San Diegans gearing up for disaster relief - CBS News 8 - San Diego, CA News Station - KFMB Channel 8

San Diegans gearing up for disaster relief in aftermath of Hurricane Irene

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(AP/ News8)  Several  first responders from San Diego have already been dispatched to the East Coast to assist in the aftermath of Hurricane Irene.

Already, three members of San Diego Fire-Rescue's Search-and-Rescue team have flown toward the path of the storm. Representatives from San Diego's American Red Cross chapter are also on their way.

Meanwhile, travelers across the country are facing days of grief after Hurricane Irene forced the cancellation of thousands of flights.

Airlines scrapped more than 9,000 flights this weekend from North Carolina to Boston, grounding travelers as Irene churns up the East Coast. There were more than 3,800 cancellations on Saturday alone.

All New York City-area airports closed to arriving flights at noon on Saturday, when the city's public transportation system also shut down. The biggest airlines, United Continental Holdings Inc. and Delta Air Lines Inc., canceled thousands of flights each.

Several airlines canceled flights scheduled for early next week as well. Hold times for airlines' customer service lines dragged on for hours.

Airlines declined to say how many passengers would be affected by the hurricane, but the numbers will likely reach into the millions. That's because so many flights, both domestic and international, make connections through major East Coast airports. Even passengers not flying anywhere near the East Coast could be delayed for days as airlines work to get planes and crews back into position.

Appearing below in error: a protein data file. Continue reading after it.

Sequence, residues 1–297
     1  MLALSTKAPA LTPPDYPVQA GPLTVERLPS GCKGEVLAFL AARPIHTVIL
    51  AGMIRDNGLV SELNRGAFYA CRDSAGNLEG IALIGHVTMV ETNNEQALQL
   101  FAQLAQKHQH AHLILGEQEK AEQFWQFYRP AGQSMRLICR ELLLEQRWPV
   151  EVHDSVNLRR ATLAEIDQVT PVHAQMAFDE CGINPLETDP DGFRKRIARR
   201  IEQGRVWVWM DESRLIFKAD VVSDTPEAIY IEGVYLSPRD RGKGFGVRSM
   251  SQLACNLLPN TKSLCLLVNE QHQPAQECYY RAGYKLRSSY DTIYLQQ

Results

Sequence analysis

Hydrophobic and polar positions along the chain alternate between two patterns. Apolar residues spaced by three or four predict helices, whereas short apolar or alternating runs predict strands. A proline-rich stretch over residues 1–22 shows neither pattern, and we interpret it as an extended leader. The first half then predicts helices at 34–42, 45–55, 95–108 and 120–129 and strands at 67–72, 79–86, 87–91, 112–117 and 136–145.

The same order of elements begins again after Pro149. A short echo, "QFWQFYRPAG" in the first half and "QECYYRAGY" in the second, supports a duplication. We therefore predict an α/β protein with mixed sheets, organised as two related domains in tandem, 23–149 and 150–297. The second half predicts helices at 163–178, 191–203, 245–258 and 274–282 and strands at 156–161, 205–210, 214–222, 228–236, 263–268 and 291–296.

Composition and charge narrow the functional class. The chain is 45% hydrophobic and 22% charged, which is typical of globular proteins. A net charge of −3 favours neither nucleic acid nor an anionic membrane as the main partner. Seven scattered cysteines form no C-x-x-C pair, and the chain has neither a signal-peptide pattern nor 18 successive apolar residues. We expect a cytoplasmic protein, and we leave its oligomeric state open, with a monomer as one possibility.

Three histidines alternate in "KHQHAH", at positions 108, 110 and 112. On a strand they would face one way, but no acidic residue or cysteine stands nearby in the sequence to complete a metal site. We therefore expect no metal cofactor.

Airlines were last hit with a natural disaster this winter, when they canceled thousands of flights ahead of a pair of huge snowstorms. The storms in December and February led to more than 10,000 cancellations over several days and left many thousands of people stranded at airports.

Airlines have been filling their flights much closer to capacity over the last year in an effort to be more efficient. That makes it harder for stranded passengers to find empty seats on new flights once the weather improves. Airlines waived ticket-change fees for most East Coast travelers affected by the storm. Some pushed off the $150 penalties for as much as a week to encourage travelers to make new arrangements.

American Airlines spokeswoman Andrea Huguely said the airline already has canceled some flights for Monday. The airline is planning to resume flights in North Carolina and Virginia after noon today. She said it wasn't yet clear when flights in and out of New York would resume.

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